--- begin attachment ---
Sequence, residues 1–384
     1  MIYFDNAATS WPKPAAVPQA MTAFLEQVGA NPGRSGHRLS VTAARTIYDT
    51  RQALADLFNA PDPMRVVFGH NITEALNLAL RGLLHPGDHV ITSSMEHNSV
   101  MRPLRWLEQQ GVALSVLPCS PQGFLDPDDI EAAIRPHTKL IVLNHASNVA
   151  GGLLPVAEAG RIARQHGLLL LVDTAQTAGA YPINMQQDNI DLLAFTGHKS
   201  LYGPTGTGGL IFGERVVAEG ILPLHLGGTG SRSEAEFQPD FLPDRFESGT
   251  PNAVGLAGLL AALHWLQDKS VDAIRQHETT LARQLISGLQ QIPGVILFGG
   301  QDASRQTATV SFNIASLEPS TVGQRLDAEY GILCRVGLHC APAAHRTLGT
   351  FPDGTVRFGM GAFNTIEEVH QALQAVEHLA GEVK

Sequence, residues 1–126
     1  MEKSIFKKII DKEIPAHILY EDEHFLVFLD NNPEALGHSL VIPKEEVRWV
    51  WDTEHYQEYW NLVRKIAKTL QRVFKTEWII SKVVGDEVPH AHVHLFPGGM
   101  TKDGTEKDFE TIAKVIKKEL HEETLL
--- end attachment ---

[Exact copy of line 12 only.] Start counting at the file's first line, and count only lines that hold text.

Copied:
    51  WDTEHYQEYW NLVRKIAKTL QRVFKTEWII SKVVGDEVPH AHVHLFPGGM